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Men get breast cancer too. An old friend was diagnosed with it a year ago, and he underwent surgery.

Aside to Menzies: I really don't want my wife checking my prostate. My doctor does it yearly and that's enough for me. When I think "digital" I want it to be about computers.
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Old 06-23-2007, 04:07 PM
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Breast cancer has been replaced by lung cancer as the most prevalent cancer in women…and no one knows why. Researchers do know it has nothing to do with smoking.

And then there is colon cancer; more prevalent in women than in men. One out of every 6 people in America one will develop colon cancer at some point in their life. It is a simple cancer to treat, is usually successful/curable if caught in the early stage. But so many people will not do the screening for it. By the time a person show symptoms of colon cancer the disease is well beyond the early stages.
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Old 06-23-2007, 05:07 PM
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Eyeball - 6/23/2007 4:07 PM
And then there is colon cancer; more prevalent in women than in men. One out of every 6 people in America one will develop colon cancer at some point in their life. It is a simple cancer to treat, is usually successful/curable if caught in the early stage. But so many people will not do the screening for it. By the time a person show symptoms of colon cancer the disease is well beyond the early stages.
Indeed. A colonoscopy is painless but awkward, and generally needs to be done every 5 or 6 years or so. The worst part is giving yourself a Fleet in preparation. I had put mine off until a friend was discovered with stage 4 colon cancer and died shortly after. That chased me in. I'm 68, and would like to live a few more years at least. He!!, I stopped smoking in 1976, and THAT was tougher.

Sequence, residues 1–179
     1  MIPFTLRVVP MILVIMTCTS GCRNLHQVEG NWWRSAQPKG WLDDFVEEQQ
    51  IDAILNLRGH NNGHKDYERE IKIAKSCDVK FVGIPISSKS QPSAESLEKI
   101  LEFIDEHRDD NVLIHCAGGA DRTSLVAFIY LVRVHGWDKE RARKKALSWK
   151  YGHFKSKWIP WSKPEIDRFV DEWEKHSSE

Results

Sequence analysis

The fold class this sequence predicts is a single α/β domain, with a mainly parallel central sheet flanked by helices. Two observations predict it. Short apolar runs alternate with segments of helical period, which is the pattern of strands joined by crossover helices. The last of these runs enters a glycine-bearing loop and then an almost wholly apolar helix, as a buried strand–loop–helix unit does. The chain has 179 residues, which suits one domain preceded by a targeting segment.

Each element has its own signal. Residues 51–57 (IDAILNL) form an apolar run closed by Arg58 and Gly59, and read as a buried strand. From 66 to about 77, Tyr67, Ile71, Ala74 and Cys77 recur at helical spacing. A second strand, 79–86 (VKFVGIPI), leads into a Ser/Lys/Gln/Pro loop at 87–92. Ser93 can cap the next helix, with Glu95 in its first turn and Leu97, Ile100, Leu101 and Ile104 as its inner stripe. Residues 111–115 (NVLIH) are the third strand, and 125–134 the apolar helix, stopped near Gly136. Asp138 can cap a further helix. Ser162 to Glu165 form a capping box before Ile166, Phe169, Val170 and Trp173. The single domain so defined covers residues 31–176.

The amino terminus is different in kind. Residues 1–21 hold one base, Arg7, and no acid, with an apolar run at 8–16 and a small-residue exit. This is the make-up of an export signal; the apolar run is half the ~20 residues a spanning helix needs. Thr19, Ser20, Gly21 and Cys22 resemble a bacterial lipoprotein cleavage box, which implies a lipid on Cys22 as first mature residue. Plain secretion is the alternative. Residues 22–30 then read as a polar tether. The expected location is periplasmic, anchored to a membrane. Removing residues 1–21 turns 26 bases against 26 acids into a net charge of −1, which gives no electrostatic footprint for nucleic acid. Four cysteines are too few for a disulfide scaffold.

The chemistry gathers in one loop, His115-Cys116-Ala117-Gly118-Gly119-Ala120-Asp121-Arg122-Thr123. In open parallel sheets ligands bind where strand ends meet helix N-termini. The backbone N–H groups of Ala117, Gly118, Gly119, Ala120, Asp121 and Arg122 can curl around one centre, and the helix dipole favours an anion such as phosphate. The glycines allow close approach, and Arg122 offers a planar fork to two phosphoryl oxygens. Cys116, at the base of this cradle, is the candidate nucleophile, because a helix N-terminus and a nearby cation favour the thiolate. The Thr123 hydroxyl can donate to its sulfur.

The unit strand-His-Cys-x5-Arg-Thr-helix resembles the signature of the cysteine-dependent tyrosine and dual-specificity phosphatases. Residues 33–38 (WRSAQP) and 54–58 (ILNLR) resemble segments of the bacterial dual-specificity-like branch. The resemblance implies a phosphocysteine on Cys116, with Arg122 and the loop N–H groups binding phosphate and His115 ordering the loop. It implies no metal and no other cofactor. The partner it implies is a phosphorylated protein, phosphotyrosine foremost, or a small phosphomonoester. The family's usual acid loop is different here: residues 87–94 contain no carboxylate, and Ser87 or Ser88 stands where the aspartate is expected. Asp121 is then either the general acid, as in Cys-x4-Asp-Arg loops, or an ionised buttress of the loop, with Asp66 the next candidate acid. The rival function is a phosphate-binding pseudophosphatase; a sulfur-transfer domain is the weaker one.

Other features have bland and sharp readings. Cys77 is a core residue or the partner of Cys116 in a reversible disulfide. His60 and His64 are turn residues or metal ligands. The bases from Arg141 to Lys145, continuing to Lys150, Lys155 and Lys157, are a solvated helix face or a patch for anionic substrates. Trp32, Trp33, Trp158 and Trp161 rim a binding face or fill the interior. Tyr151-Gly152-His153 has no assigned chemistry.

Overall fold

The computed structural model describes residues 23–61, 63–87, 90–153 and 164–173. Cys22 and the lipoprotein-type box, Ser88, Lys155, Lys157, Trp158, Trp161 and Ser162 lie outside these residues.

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Old 06-23-2007, 07:06 PM
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God are you right T3! The night before was ten times worse than the day of the procedure
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Old 06-23-2007, 07:20 PM
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I did a baseline partial at 45. I am 50 this year and will be going in for my mandatory executive physical at the Mayo in September. This time they will do a full.

The self-delivered enema 5 years ago was worse than lying on my side and watching the film of the colonscopy as it happened! Instructions were to squirt from the bottle, hold it 2 minutes and then go to the bathroom, I think my squirt and sqaut were near simultaneous!
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Old 06-23-2007, 08:05 PM
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No more Fleets enemas required.
To prep for my colonoscopy earlier this year all I had to do was drink a couple of 8 oz bottles of Fleet® Phospho-soda® Oral Saline Laxative, and that took care of everything
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Old 06-23-2007, 08:25 PM
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Yep, that stuff that I drank damn near killed me. I had heard that it was vile stuff so twenty minutes after drinking it I told my wife that it was nothin'; it didn't affect me. Ha, ten minutes later it was coming outta both ends faster than I thought possible. I was laying on the bathroom floor praying for death. Next day the Doc says, "how was it last night, some folks have a small problem with that stuff".
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Old 06-23-2007, 08:38 PM
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I don’t know what they are doing to you guys down there in FLA but my doc wrote out a script for a colonoscopy prep kit that I got from the pharmacist. It’s a plastic bottle, a pill, and some powder. There is some fasting involved. The evening before you take the pill and mix the powder with water in the plastic bottle, then drink 8oz every 15-mins until its all gone. The doc said I would want to stay near some porcelain. He was right. About 30-mins after starting the fluid I was on the pot every 10-mins or so. After the next day’s colonoscopy the doc said I was squeaky clean inside, no problems seeing all areas in my colon.